So my family’s approach for all of our horses, no matter which career we have chosen for them, is to do the same versatile basic training in the first years. The more systematically a horse gets strengthened in his musculature and the more carefully he gets suppled in his youth, the stronger he will be to start his specialization after this basic training and this sufficient capability means that the horse will remain healthy despite increasing requirements.

Often underestimated in the training of the horse is the challenge to keep a horse both physically and mentally sound and interested in his work over many years. Therefore, the rider has to set the goal of training a horse who is content, thinks for himself and works as independently as possible. This ability to think for oneself is a goal that is beyond any technical demand, but only then the horse will be in harmony with his rider. This requires a rider to educate himself to allow the horse some initiative because otherwise the rider must always be right, and no rider ever is right all the time.

I create an individual training plan for each of my horses, no matter if they are young and still doing their basic training or if they are experienced international eventing or dressage horses. These plans consist of several elements that make sure my horses follow a versatile training plan and that they enjoy themselves.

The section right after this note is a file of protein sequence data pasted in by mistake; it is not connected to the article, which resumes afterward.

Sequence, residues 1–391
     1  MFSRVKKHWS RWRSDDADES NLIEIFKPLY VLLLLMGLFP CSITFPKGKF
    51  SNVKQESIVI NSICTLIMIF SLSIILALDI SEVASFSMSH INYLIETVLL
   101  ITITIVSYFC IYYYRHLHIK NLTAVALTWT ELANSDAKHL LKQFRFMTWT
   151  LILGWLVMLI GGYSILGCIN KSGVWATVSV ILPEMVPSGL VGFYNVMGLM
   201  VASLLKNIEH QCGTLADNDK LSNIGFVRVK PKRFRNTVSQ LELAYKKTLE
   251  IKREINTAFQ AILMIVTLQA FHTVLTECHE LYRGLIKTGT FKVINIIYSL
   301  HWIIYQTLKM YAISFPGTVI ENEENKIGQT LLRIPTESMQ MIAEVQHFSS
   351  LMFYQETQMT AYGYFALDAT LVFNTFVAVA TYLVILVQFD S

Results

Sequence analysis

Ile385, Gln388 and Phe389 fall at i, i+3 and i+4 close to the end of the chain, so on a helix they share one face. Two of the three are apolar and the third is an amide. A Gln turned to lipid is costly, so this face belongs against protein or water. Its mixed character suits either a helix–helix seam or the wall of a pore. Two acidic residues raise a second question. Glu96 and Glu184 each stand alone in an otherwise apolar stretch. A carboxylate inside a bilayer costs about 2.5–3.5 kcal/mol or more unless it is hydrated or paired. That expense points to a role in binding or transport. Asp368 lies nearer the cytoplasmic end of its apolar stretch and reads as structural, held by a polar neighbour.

Following are seven elements of my dressage horses’ training that together take care to maintain or increase stamina, strength, physical fitness and motivation.

Element 1: The Off Day

At the beginning of the week my horses have a day off. This doesn’t mean that they are stable-bound, but they can relax in the field where they usually go anyway for a few hours every day. If the weather is so dreadful that we cannot turn them out extensively on their off day, the horses roam free under supervision in the indoor arena. I consider such off days, which really allow the horses to switch off mentally, very important, in particular after a weekend of competition or after having learned something new. It’s the day that the horses can entirely be horses.

Element 2: Dressage Training

Dressage training doesn’t mean that on that day I drill the movements the horse will need to show at a certain level. It is a trap into which some riders fall, forgetting that these required movements are only a means to reach certain goals, but should not be goals in themselves. Instead, dressage training means to systematically make the horse more supple, to develop his gaits, strengthen his musculature and to increase his throughness and expression.